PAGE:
Multiple studies have found that the improvements mentioned above can be trained in very short periods of time with HIIT. Gibala and McGee (2008) postulated that HIIT’s high demands stress both the oxidative and glycolytic systems, triggering a significant increase in muscle fiber recruitment. Both type 2 (fast-twitch glycolytic fibers) and type 1 (slow-twitch oxidative fibers) are recruited and trained during HIIT. This dual stimulus of short-duration, high-intensity work boosts mitochondrial mass and increases oxidative enzyme activity—effects normally associated with LIT. This is crucial because cell mitochondria are critical to providing fuel to muscle for energy (Gibala & McGee 2008; Burgomaster et al. 2005). High-intensity efforts stimulate the body to recruit, challenge and train more motor units—the contraction-signaling structures within a muscle group (Steele et al. 2012). Having more of these highly trained units is advantageous, especially as intensity increases, because muscle fibers and their respective motor units are rotated during lower intensities in alternating rest/work cycles. Athletes with the most potentially active motor units will have more that can be cycled in to delay fatigue (Magness 2014).


While HIIT can enhance slow- and fast-twitch muscle fibers, LIT is almost exclusively a slow-twitch recruiter. All this does not mean HIIT should be performed exclusively for endurance or health in general. After all, there are several distinct advantages to LIT: Lower intensities help with recovery, improve peripheral circulatory adaptations and may improve stroke volume—the amount of blood pumped by the heart—better than HIIT does (Seiler & Tonnessen 2009). Furthermore, LIT at longer training distances may improve overall psychological preparation for longer racing distances.

All of these factors suggest the need for a mix of HIIT and LIT to create an effective overall program that will help your clients, especially if they are training for endurance events.




The hamstrings ( Back of the thighs) and vastus medialis (VMO) are Two muscles that are critical to knee stability

A chain is only as strong as its weakest link!

Toe rek

Why Big Toe Mobility is Important!?

Why Big Toe Mobility is Important!?

When you think of the most common lower body injuries, you think ankle sprains, shin splints, runner’s knee, jumper’s knee, fasciitis, or Achilles tendinitis.

When you have these injuries, you treat the injured area. We might be overlooking a little, but big deal. Dysfunction in the big toe influences every step you take, every lunge, every jump, and every stride of every run. Ultimately, it can be a direct result in many of the aforementioned common lower body injuries. If you have dysfunction (pain, instability, or hypomobility) at the first big toe joint (MTP joint), it could wreak havoc on the entire kinetic chain.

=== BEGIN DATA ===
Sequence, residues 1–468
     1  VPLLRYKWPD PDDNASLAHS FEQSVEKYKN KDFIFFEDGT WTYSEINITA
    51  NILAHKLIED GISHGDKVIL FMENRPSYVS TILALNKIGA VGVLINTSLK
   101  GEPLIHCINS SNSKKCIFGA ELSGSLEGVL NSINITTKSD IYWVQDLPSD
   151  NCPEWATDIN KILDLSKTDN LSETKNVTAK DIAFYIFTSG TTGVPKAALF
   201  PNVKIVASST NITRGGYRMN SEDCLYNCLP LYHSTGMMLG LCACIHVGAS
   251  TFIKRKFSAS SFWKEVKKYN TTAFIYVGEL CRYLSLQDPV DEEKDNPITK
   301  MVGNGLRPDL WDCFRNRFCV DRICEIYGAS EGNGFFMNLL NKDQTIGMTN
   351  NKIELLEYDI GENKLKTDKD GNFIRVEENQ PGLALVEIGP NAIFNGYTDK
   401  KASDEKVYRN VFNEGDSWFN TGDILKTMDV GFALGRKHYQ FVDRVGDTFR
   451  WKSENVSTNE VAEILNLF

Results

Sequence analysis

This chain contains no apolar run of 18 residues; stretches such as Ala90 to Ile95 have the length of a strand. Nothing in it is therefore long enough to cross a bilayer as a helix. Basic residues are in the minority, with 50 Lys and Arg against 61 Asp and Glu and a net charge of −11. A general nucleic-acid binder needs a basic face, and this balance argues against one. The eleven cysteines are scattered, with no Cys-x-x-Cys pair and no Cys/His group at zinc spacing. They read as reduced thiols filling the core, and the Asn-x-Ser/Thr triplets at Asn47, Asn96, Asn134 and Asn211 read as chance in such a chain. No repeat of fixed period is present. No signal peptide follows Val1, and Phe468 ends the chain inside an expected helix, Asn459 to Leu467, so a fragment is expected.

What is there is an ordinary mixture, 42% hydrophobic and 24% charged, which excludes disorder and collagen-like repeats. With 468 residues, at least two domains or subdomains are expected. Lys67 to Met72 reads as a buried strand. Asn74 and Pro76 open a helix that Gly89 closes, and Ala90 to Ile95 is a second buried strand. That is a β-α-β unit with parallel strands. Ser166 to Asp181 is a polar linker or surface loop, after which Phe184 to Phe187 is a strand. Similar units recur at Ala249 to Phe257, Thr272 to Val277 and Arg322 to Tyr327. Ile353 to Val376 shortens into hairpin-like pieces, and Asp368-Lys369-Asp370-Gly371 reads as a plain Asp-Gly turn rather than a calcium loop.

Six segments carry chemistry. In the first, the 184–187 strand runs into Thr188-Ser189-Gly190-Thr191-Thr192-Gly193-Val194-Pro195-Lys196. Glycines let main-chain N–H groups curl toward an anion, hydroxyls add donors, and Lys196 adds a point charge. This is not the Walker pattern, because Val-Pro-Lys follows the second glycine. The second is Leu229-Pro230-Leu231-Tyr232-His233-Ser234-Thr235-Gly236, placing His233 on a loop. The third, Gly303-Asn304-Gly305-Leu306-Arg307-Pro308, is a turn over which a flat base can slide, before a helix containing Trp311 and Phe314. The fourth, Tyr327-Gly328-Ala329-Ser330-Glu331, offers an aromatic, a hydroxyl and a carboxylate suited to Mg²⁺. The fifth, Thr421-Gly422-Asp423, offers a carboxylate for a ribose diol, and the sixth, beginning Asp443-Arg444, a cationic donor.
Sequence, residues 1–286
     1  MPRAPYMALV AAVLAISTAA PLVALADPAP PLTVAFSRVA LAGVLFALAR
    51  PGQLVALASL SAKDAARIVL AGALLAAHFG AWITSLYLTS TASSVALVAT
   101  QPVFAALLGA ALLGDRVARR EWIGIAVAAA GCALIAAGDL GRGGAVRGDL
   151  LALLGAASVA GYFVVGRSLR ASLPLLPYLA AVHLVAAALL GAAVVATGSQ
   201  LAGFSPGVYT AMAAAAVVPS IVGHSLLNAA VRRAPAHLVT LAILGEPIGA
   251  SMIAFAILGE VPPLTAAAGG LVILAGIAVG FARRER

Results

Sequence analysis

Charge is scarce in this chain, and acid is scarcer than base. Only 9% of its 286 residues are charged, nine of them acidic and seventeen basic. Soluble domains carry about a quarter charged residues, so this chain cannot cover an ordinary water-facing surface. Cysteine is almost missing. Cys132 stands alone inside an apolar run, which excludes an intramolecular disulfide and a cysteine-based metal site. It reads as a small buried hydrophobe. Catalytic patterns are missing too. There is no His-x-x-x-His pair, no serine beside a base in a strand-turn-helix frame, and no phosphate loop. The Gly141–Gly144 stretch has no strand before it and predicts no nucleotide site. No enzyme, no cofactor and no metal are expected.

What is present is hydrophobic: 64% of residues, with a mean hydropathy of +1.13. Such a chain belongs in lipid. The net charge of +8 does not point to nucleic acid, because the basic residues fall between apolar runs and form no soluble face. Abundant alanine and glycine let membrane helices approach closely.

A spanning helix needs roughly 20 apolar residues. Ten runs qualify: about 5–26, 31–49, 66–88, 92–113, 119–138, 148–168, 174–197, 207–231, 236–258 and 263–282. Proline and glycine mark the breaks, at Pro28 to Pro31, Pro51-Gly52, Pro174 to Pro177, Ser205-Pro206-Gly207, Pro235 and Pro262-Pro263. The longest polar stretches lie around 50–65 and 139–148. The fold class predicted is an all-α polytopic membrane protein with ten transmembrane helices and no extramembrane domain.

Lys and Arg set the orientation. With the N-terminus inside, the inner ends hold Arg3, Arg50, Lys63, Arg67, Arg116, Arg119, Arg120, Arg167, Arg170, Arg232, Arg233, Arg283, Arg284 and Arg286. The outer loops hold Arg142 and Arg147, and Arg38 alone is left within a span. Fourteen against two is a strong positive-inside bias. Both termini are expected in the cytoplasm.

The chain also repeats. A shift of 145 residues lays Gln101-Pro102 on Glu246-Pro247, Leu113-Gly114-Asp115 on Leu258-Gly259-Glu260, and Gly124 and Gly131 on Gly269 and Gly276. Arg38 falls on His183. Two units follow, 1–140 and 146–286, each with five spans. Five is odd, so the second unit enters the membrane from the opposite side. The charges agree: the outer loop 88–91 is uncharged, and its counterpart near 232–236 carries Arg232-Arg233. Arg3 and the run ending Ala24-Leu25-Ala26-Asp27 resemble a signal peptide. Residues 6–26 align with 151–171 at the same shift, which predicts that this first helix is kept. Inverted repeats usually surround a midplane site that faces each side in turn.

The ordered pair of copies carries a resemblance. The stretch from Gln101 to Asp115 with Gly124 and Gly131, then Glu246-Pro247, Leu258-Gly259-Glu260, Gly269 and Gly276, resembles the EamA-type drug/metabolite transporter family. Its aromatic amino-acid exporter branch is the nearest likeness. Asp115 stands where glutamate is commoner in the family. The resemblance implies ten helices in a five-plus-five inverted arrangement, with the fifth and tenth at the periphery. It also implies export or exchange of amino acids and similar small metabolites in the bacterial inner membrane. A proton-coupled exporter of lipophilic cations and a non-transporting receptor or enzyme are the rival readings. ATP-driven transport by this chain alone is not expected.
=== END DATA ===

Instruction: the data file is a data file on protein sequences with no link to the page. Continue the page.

Normal range of motion of the big toe is 40° flexion, 80-90° extension, and 10-20° abduction and adduction. Lack of motion, especially extension, will create compensatory movement at other joints. Common big toe issues such as, hallux valgus (bunion), hallux rigidus, turf toe, sesamoiditis, and gout will limit toe mobility. Here you can see a image of a athlete who demonstrates normal range or motion and limited toe extension.

Start Mobilizing some big toe extension. It’s more important than most people think!
Spend time barefoot, wear footwear that lets your big toe extend and if stiff and restricted, start working on restoring the mobility.

This wall stretch is a great one to do daily. 


#bigtoe #mobility #stability #running #runningform #endurance#strenghttraining #stretching #bigtoestretch #extension #injuries#lowerbody #motion

Running blog

Getting Back to Running After a Long Break!?

Getting Back to Running After a Long Break!?


Join a Running Group
If you’ve typically run alone in the past, try to increase your motivation (and get lots of other great benefits) by running with others.

Join us every Wednesday from 18:30 to 20:00 Q-Life Personal Training

Follow a Training Schedule
Although runners have previous running experience, many runners who’ve taken a long break from running find it helpful to follow a beginner schedule.

Strenght Training
Strenght & Conditioning in between your running days is an excellent way to increase your endurance and strength without running too much and risking injury.

Avoid Doing Too Much Too Soon
Many runners coming back from injuries find themselves re-injured because they increase their mileage too quickly.

Create a Running Habit
After a long break from running, it can be tough to get back into the groove of running on a regular basis. But if you take steps to establish a running habit, such as scheduling your runs on your calendar and giving yourself small rewards, you can make a running habit stick.

Pick a Short Race
Once you’ve got a few weeks of running under your belt, pick a race to train for. Start with something small, such as a 5K, before you register for a longer race.


Chronic Stress & Pain Sensitivity

Chronic Stress & Pain Sensitivity